- The impossibility of being understood when you ask for a ‘waTer’.
- Having to parallel park in the US driving test! (And having to retake it!)
- A Christmas without mince pies!
- The cost of living is high. A loaf of bread costs 3 dollars and in Massachusetts you can’t buy alcohol in most supermarkets, which took me a while to get used to!
What does the future hold? Do you have a five-year plan?
Our visas do have an end date but we’re always reviewing the possibilities. We’ll stay whilst the going’s good and we’re trying to live in the here and now. Right now there is so much to be excited about working on Wimpy Kid, it’s been a career highlight to be in the US to help oversee the launch of Diary of an Awesome Friendly Kid, which became an instant global bestseller!
I used to plan for the future but, honestly, I’ve never done well on having a five-year plan! We’re delighted to be utterly off course for the plan set 5 years ago!
“There’s really nothing stopping you from returning home. I’ve discovered that London will always be there waiting.”
What was the best piece of advice you ever received?
Think what you’d do if you weren’t afraid. And then do just that…
What advice would you give to anyone else who had the chance to create a new life and career abroad?
Remember it’s not an opportunity that many people are handed. Based on our experience, I’d encourage embracing it! And there’s really nothing stopping you from returning home. I’ve discovered that London will always be there waiting.
What is the biggest challenge that you face on a daily basis and how do you overcome this?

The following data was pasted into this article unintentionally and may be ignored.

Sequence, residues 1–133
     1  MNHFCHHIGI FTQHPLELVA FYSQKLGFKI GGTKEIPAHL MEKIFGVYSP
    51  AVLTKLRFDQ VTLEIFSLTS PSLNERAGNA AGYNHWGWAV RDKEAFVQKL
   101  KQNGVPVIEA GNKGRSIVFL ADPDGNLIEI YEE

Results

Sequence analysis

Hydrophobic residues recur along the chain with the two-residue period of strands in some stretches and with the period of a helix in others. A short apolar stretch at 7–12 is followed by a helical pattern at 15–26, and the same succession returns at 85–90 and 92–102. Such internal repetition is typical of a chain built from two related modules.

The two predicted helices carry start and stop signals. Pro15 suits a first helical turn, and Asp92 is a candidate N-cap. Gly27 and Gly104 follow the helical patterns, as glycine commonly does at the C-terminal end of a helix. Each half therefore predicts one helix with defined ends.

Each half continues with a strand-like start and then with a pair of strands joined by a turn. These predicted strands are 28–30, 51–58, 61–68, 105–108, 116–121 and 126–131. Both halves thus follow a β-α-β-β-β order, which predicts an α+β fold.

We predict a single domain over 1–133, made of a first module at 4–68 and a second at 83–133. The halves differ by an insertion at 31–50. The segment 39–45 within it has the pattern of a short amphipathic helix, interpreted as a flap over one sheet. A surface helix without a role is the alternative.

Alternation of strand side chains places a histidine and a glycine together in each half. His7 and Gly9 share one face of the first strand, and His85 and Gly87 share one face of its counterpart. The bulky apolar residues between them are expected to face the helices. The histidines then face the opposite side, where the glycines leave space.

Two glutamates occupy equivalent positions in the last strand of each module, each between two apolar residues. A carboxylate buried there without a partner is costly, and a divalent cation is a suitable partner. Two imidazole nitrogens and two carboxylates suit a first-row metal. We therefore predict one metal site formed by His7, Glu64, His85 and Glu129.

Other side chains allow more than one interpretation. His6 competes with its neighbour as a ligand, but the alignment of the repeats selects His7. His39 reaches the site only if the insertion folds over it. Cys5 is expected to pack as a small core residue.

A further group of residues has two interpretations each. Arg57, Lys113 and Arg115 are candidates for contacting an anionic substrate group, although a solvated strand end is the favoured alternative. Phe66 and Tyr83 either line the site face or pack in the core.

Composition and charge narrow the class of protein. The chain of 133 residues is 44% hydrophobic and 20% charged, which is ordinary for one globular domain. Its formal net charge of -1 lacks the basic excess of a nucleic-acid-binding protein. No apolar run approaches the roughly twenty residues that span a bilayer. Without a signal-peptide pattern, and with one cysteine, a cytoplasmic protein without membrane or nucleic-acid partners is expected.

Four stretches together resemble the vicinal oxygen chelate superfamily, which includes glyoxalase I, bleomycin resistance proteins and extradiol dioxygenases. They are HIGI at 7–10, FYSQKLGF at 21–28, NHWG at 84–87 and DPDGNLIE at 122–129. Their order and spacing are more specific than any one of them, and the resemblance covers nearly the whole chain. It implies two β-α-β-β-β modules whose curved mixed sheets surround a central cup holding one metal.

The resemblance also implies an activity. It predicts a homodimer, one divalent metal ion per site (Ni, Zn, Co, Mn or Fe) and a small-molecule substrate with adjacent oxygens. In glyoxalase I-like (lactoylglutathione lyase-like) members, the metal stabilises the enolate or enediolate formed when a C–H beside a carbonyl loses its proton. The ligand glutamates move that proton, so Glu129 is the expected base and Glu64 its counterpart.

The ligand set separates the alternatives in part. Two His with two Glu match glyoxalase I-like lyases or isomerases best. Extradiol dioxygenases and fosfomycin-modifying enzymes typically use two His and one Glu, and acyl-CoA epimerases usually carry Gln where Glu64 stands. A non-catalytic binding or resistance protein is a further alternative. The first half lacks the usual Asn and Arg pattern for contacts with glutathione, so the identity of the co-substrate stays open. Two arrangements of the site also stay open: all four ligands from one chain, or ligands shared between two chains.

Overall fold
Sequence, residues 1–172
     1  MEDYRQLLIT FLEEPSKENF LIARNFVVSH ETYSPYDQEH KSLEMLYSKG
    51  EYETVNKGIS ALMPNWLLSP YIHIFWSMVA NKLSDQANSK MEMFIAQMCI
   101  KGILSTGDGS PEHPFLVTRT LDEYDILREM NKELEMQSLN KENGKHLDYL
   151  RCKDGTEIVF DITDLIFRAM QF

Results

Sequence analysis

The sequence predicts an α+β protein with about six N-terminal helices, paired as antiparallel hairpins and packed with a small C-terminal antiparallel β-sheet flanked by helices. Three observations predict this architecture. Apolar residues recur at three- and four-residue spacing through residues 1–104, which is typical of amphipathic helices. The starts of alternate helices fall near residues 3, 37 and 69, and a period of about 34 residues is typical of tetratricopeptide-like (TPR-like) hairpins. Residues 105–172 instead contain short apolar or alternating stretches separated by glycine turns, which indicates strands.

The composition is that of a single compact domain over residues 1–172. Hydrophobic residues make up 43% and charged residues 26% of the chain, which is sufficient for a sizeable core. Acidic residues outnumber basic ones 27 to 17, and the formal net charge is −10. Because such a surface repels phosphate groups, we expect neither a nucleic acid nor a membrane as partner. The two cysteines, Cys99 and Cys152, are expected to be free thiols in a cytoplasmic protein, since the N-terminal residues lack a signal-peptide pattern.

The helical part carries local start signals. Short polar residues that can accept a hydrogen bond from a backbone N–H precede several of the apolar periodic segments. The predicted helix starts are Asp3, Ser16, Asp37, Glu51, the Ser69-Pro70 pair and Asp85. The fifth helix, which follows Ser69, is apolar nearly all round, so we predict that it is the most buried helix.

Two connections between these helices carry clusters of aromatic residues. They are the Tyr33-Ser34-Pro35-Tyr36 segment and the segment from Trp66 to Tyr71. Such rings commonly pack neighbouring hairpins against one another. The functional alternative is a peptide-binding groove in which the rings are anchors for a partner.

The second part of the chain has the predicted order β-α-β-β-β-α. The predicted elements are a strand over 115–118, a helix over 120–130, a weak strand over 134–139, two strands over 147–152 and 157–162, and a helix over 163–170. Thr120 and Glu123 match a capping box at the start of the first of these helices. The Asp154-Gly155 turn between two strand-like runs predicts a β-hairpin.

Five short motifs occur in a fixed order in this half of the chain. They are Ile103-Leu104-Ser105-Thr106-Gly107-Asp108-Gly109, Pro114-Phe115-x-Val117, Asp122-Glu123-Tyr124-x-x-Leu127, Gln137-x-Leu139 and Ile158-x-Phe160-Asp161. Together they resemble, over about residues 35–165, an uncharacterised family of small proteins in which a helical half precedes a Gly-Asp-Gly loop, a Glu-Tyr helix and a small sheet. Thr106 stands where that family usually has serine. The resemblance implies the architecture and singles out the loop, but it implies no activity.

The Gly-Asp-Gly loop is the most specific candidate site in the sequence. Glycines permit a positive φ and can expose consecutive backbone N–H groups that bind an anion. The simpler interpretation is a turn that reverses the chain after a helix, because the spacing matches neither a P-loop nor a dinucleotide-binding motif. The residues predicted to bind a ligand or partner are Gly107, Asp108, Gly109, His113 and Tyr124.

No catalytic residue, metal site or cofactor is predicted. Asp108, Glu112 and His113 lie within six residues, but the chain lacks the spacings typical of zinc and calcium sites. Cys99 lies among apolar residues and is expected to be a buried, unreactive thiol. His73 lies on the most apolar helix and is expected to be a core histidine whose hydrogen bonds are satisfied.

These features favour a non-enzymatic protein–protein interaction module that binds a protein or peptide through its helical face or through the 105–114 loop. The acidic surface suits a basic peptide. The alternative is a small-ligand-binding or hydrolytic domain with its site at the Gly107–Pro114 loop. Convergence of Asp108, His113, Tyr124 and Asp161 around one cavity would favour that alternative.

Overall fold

The biggest challenge is easily my husband looking after the kids full-time, particularly given my role involves a significant amount of international travel. He’s nothing but supportive to me and a brilliant dad but it’s very hard for him to not be able to work and I’m sure it can be lonely. We make an effort to ‘stop-check’ during the ‘highs’ and have found ourselves a great babysitter! And there might be a time further down the road when I’m supporting his career in a similar way. We’re both open to that.
“Be sure to cherish crumpets, marmite, cheddars and chocolate digestives. And TREASURE the NHS. Living in a country without a universal healthcare service is enlightening and frightening.”
What are you most proud of?
Jeff once asked me what I thought the likelihood of this job happening would be when I wrote to him. I said less than 5%. I’m proud that I plucked up the courage to hit ‘send.’
What makes you feel happy or helps to lift your mood?
When my friends and family living in different time zones leave me WhatsApp voice messages overnight and I listen to them as I get dressed in the morning. I guess the format lends itself to hilarious long monologues, which can be charmingly entertaining!
Any wisdom you’d like to share?
Be sure to cherish crumpets, marmite, cheddars and chocolate digestives. And TREASURE the NHS. Living in a country without a universal healthcare service is enlightening and frightening.
And remember who’s in charge of your life. You are! And you can change things. I hope our tale might help others believe anything is absolutely possible.
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Pass it on:
Who would make brilliant guests on the Muse? Please suggest up to 3 people with their Instagram and Twitter handles and we’ll invite them to join us.
- @bestchildfriendlyholidays My sister, Emma, has created her own business recommending child-friendly holidays!
- @happyfitmums Lauren Hyett has left full time employment to launch fitness classes for women (and spend a bit more time with her sons). A daring plunge that I know she’ll soar at.
- @studio.eris Rose Gardner, escaped the rat race to lovingly make sustainable jewelry from her London studio. A really inspirational story and creative start up. Add some goodies to your Christmas list!